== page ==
Loving each other meant transforming into the best versions of ourselves we could ever be; it meant finding, through each other, the secret source of joy in our own hearts; it meant opening up and flowing, but also being contained and cradled; it meant traveling away and going, but always connected by a hidden thread, and always under a watchful and caring eye. Love is being in becoming, always from the central place in our own hearts.
Behind its attempts to charm you insecure love wants to make you dependent on it, it scratches its insecurity by secluding you from the world and possessing you ever more deeply, it shatters your trust in yourself that you may trust it all the more, and exclusively. Insecure love doesn’t see you for yourself and doesn’t desire to gain a deep knowledge of you, it merely sees you as a projection of its own desires and needs, fantasies. Insecure love requires a symbiotic and fusional mode of attachment, but given its unstable core, it will never achieve emotional clarity and openness, it will always desire the other as a way to hide that inside itself it has a child trembling in the dark.
One of the greatest taboos of modern feminism is on beauty; that a woman is beautiful, that a woman is perceived by a man as beautiful — modern feminism wants equality here, and by equality is meant sameness, and the infliction of guilt into the soul of the one who perceives beauty.
A man is as strong as he is able to live the moment without being divided in his heart, soul, and mind; the stronger man is completely present and focused, rooted in the openness of the moment, in each breath penetrating with fullness the divine glow of the feminine that surrounds him at all times.
Not the man who calls her beautiful, but the man who makes her feel beautiful, is the one a woman desires.
The most deeply damaging thing one might come out with after reading authors such as Georges Bataille and the Marquis de Sade, is the idea that sexual impulses cannot be controlled, and that we are fated to live in a universe where we either suppress them and become ascetic and puritan morally or where we give them their sway and playful ground thus becoming libertines, and modern. The idea of “control,” which is different from suppression, does not enter the minds of both authors, and why? — because they themselves are the offshoot and a reaction to the morality of suppression, because the ascetic and the liberal are ultimately two sides of the same coin, mirroring each other. Sexuality suppressed kinks the heart, which is why the sexual forms prevalent in the imaginations of both men as seen through their writings is so tainted with darkness; it detaches itself from one’s emotional centers and becomes something cold and almost mechanical. Sexuality cannot be suppressed, but its discharge can be controlled, its form and quality can be given a different shape, and can be branched in one’s heart becoming an expression of one’s emotions and sensuality. Only control can pave the way to a sexuality of ecstasy, of which the former types haven’t got the slightest hint.
The nice guy, so desperate to give, chases all the women away. His giving, in fact, is a weakness and a selfishness — through it he seeks to validate himself. But the validation will not come to him who is weak in his heart. And the less the validation comes the more neurotic the need to give becomes. His giving seeks to manipulate the woman into giving him back the validation he seeks. But no woman will have this because he is not a man who can stand on his own. The nice guy, however, should not revert back to the bad boy type, so craved by the feminine; he must reach into his instinct and come to his strength through his weakness. He ought to become himself, create his boundaries, and become able to stand on his own.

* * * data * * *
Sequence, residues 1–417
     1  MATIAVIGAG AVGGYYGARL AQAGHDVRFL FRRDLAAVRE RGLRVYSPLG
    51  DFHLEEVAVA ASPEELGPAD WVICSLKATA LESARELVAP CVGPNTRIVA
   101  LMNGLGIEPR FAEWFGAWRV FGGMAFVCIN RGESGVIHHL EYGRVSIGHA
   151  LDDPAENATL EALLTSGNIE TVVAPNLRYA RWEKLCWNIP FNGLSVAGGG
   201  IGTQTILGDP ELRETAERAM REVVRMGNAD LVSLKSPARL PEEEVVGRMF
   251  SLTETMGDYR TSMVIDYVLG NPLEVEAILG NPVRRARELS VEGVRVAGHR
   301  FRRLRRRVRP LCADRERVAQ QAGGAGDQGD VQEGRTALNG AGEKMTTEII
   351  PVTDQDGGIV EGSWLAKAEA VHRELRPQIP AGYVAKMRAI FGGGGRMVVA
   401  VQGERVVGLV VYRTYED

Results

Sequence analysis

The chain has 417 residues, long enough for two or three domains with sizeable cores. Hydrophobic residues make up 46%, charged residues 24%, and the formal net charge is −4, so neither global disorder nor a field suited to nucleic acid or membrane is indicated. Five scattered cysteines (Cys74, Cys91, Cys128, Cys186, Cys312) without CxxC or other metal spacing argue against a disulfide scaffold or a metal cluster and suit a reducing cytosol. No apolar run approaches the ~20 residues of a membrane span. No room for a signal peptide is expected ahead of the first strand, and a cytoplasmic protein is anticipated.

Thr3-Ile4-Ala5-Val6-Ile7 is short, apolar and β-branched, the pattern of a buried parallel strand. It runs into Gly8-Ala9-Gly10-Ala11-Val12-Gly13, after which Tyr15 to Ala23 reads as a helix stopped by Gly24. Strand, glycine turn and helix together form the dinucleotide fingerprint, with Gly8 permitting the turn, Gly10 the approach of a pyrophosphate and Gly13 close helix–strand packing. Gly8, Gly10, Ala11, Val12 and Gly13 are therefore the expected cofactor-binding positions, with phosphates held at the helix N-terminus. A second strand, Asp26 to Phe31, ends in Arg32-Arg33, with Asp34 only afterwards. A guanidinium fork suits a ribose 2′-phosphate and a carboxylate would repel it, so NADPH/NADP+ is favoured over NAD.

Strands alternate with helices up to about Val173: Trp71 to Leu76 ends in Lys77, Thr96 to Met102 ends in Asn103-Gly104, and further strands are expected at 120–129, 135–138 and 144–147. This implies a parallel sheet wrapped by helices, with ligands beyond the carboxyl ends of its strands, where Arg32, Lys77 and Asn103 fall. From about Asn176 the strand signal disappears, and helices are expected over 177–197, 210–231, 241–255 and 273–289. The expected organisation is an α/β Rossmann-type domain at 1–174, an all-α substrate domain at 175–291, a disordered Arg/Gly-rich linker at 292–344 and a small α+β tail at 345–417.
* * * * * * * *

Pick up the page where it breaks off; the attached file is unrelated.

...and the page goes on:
Whatever men insisted women should be or are feminism insisted that women should be its opposite, or that the power relation should be inverted so as women gain the upper hand — this reactive stance as much as it is lauded and needed (we’ve been waiting for it for millennia) will not take us beyond the dynamics of the power relation, the dreadful either/or so entrenched in the breast of culture and the shaping of men and women. This reaction should, instead, grasp itself differently, channel its energy differently — rather than being a reaction it should affirm itself, it should be an affirmation and an affirmative act — women are women irrespective of men and the will and desires of men; woman is woman not as an act that is directed against men, but as an affirmative act of herself and her own being, her own life, aspirations, and embodiment in the world — a creative act and a first act. That is essential, since only this will suspend the opposition struggle of men and women and allow each to find itself entrenched in the other — the woman in man, and the man in woman, and their struggle together in the creation of a new culture that goes beyond the limitations of the old. This will truly be the blow that dismantles the gender dynamics that have governed culture since millennia, giving men and women the space needed to discover themselves and each other anew and in a new light. The relation no longer power-centered, its destructive edge will be replaced by a more supportive and mutually understanding spirit that refuses to slide back into the old modes of relating even when conflicts and tensions arise. What will it look like, this culture? What will its men and women be? — it and they are flourishing right under our eyes, they are coming and will come at a quicker pace in the coming decades. The love-flower that daring spirits dreamed a thousand years ago — we are the witnesses of its coming of age.
A man who can only love or hate a woman, or a certain kind of woman, suffers an impotence of will. What leads him to her and what in her cripples him is a certain lack in his emotional and sexual life. His maturity is the maturity of his will, his ability to choose, and be aware of the moment where his choice is made, and his will to go one way or another activated.
The sorrow, greatness, and foolishness of the poet — the compulsion of his instinct that wills him to unify the poetic and the amorous acts; intimately, poetically, amorously, he is dumb otherwise.